The Invisible Man

What you can’t see can hurt you

Equipped with an outstanding performance from Elisabeth Moss (The Handmaid’s Tale), writer-director Leigh Whannell’s The Invisible Man is a modern, painfully chilling take on the classic science fiction tale by H.G. Wells.

Unlike the original story, Whannell’s (Saw, Insidious) latest feature focusses on the victim’s perspective rather than that of the invisible man himself. Our protagonist is Cecilia Kass (Elisabeth Moss), a woman who has suffered years of physical and mental abuse by her wealthy scientist husband, Adrian Griffin (Oliver Jackson-Cohen). In an opening that may remind viewers of Sleeping with the Enemy, Cecilia flees their modern seaside home in the middle of the night. This extremely well-crafted sequence tells us almost everything we need to know about Adrian’s hold over Cecilia, without any words at all, just by how she swiftly and anxiously moves around the prison-like house.

Picked up by her sister Emily (Harriet Dyer) after her escape, Cecilia temporarily moves in with friend and cop, James Lanier (Aldis Hodge) and his daughter Sydney (Storm Reid), who both support her through her recovery. But two weeks later, Adrian takes his own life, and it is left to his attorney (and brother) Tom (Michael Dorman), to break the news to Cecilia about her inheritance; a significant sum of Adrian’s fortune. Unsure of her ex-husband’s intentions, Cecilia accepts the money but remains suspicious.

Despite Adrian’s apparent suicide, Cecilia begins to experience strange occurrences wherever she goes and claims to still feel Adrian’s presence. At first, subtle movements and obscure noises catch her attention and lead her to believe she’s never alone. From minor disturbances such as a tug on her duvet in the night or a knife that slides off the kitchen counter, to more invasive activities, including a hateful email being sent to Cecilia’s sister, things become increasingly unsettling.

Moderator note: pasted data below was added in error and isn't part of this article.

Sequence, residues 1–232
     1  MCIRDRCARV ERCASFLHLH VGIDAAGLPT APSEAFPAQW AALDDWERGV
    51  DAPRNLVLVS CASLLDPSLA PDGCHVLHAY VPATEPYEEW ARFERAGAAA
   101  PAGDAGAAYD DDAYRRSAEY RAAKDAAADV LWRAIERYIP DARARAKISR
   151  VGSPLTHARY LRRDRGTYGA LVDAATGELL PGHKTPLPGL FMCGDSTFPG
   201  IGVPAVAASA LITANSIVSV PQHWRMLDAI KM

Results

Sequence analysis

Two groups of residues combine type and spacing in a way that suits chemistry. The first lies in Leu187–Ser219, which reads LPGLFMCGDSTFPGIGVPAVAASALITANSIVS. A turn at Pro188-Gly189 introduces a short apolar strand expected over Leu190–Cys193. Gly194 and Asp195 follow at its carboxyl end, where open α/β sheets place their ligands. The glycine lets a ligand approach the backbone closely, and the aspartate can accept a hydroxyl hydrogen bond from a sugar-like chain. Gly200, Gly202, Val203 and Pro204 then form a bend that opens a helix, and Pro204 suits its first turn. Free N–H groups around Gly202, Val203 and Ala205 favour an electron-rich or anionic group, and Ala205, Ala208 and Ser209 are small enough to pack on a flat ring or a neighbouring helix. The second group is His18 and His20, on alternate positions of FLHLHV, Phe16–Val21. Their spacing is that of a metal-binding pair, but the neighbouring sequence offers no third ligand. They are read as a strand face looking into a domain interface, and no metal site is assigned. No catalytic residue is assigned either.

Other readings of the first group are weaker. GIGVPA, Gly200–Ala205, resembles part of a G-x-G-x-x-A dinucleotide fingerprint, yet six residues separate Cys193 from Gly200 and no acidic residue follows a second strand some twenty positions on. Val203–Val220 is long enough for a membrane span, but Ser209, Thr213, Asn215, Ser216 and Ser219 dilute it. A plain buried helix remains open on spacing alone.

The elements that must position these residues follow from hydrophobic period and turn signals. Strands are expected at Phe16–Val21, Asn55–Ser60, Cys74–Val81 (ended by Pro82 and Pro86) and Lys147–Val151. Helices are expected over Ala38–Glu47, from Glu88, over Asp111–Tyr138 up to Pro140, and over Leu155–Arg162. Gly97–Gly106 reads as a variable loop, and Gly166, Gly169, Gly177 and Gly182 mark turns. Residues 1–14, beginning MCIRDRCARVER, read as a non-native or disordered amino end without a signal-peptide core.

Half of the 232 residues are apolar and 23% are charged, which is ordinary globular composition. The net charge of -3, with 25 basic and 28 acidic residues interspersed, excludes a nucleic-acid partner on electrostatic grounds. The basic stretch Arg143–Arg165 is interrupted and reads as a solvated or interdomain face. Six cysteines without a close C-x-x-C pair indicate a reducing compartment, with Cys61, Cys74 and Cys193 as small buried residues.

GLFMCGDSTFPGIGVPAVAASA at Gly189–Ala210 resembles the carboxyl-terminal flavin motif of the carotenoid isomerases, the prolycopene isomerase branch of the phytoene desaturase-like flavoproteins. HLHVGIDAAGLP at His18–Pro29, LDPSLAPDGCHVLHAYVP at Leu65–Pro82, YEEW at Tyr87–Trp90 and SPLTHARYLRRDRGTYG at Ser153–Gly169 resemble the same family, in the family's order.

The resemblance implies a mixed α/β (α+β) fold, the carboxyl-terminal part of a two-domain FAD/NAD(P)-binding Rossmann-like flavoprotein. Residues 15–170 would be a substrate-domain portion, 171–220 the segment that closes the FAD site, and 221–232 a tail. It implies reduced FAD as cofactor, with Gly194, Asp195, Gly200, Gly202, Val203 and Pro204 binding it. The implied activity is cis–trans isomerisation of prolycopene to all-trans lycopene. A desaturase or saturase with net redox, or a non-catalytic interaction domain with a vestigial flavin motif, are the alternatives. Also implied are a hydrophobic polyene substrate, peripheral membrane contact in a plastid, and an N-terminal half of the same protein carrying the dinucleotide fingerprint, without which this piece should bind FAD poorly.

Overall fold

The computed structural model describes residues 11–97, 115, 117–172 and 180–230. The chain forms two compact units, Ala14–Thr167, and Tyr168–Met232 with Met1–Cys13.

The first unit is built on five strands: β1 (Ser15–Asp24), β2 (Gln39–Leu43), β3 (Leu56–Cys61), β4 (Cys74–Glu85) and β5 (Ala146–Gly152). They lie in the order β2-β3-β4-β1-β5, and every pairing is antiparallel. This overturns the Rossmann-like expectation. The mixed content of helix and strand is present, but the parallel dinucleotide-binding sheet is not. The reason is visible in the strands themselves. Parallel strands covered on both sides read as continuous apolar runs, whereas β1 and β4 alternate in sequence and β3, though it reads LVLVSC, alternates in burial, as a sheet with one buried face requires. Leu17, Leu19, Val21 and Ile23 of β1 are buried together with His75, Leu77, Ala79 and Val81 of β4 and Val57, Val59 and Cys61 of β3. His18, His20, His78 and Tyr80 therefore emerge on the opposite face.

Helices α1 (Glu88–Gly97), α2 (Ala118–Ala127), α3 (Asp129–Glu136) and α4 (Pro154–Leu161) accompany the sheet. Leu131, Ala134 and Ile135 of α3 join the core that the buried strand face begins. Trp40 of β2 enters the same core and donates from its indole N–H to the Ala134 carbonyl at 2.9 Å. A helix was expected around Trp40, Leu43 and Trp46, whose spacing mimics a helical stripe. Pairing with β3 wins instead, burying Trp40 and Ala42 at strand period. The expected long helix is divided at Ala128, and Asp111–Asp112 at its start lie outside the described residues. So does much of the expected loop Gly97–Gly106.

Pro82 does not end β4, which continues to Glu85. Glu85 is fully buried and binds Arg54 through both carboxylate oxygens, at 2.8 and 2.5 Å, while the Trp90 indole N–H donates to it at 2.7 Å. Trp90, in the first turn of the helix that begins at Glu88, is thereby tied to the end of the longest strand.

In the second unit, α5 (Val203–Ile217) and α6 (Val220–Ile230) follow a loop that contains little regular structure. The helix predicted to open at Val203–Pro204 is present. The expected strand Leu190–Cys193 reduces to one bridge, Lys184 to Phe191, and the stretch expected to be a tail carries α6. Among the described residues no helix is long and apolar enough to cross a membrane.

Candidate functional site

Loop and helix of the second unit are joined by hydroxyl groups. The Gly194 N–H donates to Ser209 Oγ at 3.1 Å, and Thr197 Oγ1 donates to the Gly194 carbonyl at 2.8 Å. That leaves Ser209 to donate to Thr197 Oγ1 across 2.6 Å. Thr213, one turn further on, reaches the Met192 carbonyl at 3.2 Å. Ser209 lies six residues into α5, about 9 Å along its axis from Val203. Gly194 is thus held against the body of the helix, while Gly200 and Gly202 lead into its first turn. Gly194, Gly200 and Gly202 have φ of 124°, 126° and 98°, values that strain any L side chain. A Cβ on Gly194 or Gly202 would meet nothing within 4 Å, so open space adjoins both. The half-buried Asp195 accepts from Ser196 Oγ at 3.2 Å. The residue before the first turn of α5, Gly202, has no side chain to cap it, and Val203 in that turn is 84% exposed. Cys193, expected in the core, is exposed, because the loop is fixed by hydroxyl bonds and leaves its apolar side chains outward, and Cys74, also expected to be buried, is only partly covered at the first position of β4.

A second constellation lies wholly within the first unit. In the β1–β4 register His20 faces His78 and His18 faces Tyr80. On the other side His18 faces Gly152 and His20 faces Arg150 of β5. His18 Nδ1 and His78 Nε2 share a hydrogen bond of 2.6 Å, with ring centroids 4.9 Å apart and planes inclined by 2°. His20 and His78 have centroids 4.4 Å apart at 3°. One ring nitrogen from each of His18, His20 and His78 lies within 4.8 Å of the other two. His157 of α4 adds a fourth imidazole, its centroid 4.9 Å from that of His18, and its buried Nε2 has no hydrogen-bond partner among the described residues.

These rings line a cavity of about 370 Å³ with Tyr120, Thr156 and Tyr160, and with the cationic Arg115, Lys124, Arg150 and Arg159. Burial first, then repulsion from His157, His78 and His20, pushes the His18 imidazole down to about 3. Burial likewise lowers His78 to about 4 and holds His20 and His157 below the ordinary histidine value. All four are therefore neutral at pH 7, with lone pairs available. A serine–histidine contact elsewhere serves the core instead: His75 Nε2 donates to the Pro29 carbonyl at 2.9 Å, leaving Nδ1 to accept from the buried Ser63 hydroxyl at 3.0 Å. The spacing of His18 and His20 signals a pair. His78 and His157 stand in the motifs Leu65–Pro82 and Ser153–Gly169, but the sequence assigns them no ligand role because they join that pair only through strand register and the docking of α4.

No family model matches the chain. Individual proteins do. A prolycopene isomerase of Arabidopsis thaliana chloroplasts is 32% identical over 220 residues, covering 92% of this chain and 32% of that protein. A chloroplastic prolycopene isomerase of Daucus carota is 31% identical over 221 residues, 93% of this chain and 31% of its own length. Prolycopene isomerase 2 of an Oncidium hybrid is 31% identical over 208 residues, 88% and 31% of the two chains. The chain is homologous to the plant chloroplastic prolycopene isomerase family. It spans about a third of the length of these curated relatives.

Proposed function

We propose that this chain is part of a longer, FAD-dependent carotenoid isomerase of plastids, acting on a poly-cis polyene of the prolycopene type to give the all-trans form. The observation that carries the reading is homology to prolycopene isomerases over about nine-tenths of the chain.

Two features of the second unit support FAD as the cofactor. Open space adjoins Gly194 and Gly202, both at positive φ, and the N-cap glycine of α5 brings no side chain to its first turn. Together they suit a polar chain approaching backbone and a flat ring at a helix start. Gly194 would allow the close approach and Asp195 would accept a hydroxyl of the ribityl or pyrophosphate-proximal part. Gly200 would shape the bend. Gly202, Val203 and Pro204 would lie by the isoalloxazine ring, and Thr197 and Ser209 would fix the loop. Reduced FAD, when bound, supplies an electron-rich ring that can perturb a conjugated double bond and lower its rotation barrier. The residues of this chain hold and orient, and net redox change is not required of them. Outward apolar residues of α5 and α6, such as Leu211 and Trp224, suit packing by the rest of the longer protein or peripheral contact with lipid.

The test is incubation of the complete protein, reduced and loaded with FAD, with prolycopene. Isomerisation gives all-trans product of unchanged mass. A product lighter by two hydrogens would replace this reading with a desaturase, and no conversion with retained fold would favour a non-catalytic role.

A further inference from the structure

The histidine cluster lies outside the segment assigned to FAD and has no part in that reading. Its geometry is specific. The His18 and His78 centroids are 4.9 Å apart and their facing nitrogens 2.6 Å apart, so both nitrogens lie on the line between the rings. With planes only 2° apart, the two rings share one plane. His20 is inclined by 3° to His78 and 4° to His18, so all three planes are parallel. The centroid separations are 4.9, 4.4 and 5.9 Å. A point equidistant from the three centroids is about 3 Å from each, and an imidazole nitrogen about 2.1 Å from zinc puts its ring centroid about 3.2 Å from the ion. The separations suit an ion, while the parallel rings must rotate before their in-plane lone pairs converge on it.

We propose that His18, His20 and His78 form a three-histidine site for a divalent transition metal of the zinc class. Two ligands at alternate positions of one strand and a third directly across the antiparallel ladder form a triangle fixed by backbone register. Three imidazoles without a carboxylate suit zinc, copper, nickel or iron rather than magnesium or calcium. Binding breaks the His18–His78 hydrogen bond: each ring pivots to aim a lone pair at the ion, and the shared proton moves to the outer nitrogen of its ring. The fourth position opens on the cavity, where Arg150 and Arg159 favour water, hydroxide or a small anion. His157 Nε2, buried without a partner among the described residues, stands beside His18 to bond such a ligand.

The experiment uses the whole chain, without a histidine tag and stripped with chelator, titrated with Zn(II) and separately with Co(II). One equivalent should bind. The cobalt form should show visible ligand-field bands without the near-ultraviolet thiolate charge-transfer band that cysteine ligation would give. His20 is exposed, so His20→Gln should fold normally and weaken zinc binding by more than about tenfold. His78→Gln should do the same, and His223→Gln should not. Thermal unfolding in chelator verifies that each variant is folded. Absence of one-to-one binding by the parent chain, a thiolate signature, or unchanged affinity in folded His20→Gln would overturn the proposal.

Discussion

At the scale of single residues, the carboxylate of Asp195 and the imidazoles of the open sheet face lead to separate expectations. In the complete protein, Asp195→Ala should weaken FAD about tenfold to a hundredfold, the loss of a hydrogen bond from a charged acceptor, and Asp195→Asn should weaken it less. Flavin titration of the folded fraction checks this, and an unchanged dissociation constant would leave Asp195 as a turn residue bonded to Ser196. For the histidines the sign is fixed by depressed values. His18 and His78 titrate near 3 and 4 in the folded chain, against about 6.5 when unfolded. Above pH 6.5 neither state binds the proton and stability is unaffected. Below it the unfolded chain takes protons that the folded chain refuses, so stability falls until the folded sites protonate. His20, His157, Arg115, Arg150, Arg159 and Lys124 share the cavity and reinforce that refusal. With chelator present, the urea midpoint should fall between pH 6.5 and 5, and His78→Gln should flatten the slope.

Cecilia expresses her concerns to James and Emily, concluding that she is certain that – thanks to his advanced technical knowledge – Adrian has somehow managed to make himself invisible. These claims are understandably met with disbelief and concern for her mental wellbeing, which then only leads to more frustration and isolation. She is terrified for her own safety, and those around her. Desperate to escape the constant torture of Adrian’s presence, and determined to save her loved ones from harm, Cecilia fights to uncover the truth.

Although The Invisible Man falls under the sci-fi horror genre, it is more than a concoction of cheap jump scares and thrills. By exploring relevant issues including toxic relationships and gaslighting, the film is essentially a brutal depiction of trauma and abuse. Although Cecilia has escaped Adrian’s clutches in the eyes of her friends and family, his control over her continues and because the abuse is out of sight, the victim is no longer believed. By attacking those closest to her, Adrian puts the blame on the woman he seemingly loved, causing people to question her sanity, and ultimately trapping her in a deeply distressing spiral of self-doubt, guilt, loneliness and desperation.